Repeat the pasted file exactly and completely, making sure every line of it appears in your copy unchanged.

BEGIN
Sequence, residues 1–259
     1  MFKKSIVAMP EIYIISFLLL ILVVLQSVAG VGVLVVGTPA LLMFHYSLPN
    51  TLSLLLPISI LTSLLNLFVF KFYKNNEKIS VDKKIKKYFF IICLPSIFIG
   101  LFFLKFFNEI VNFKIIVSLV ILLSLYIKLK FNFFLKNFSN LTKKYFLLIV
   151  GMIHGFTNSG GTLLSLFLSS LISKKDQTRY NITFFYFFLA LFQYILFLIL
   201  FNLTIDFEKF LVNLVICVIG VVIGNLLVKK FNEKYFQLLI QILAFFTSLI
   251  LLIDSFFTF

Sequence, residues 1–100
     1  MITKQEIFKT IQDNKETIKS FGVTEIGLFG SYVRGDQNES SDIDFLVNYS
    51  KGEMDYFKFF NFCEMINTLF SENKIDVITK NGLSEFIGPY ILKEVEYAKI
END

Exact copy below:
Sequence, residues 1–259
     1  MFKKSIVAMP EIYIISFLLL ILVVLQSVAG VGVLVVGTPA LLMFHYSLPN
    51  TLSLLLPISI LTSLLNLFVF KFYKNNEKIS VDKKIKKYFF IICLPSIFIG
   101  LFFLKFFNEI VNFKIIVSLV ILLSLYIKLK FNFFLKNFSN LTKKYFLLIV
   151  GMIHGFTNSG GTLLSLFLSS LISKKDQTRY NITFFYFFLA LFQYILFLIL
   201  FNLTIDFEKF LVNLVICVIG VVIGNLLVKK FNEKYFQLLI QILAFFTSLI
   251  LLIDSFFTF

Sequence, residues 1–100
     1  MITKQEIFKT IQDNKETIKS FGVTEIGLFG SYVRGDQNES SDIDFLVNYS
    51  KGEMDYFKFF NFCEMINTLF SENKIDVITK NGLSEFIGPY ILKEVEYAKI